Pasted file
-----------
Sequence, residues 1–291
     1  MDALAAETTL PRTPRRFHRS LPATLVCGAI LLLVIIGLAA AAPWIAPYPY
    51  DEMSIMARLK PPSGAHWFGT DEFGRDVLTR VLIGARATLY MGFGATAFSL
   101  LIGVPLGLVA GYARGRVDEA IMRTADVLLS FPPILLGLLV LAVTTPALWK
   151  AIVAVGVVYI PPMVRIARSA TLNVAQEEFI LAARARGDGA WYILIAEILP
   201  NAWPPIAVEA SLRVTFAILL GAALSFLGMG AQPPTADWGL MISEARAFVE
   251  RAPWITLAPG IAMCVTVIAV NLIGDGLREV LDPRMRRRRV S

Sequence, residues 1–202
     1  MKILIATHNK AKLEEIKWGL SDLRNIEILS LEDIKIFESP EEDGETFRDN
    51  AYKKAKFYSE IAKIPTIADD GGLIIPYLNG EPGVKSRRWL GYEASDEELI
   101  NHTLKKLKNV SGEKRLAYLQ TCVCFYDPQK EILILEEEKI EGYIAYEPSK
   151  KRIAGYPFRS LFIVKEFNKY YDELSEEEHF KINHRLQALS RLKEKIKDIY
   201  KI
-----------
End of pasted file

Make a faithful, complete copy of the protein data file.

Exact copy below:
Sequence, residues 1–291
     1  MDALAAETTL PRTPRRFHRS LPATLVCGAI LLLVIIGLAA AAPWIAPYPY
    51  DEMSIMARLK PPSGAHWFGT DEFGRDVLTR VLIGARATLY MGFGATAFSL
   101  LIGVPLGLVA GYARGRVDEA IMRTADVLLS FPPILLGLLV LAVTTPALWK
   151  AIVAVGVVYI PPMVRIARSA TLNVAQEEFI LAARARGDGA WYILIAEILP
   201  NAWPPIAVEA SLRVTFAILL GAALSFLGMG AQPPTADWGL MISEARAFVE
   251  RAPWITLAPG IAMCVTVIAV NLIGDGLREV LDPRMRRRRV S

Sequence, residues 1–202
     1  MKILIATHNK AKLEEIKWGL SDLRNIEILS LEDIKIFESP EEDGETFRDN
    51  AYKKAKFYSE IAKIPTIADD GGLIIPYLNG EPGVKSRRWL GYEASDEELI
   101  NHTLKKLKNV SGEKRLAYLQ TCVCFYDPQK EILILEEEKI EGYIAYEPSK
   151  KRIAGYPFRS LFIVKEFNKY YDELSEEEHF KINHRLQALS RLKEKIKDIY
   201  KI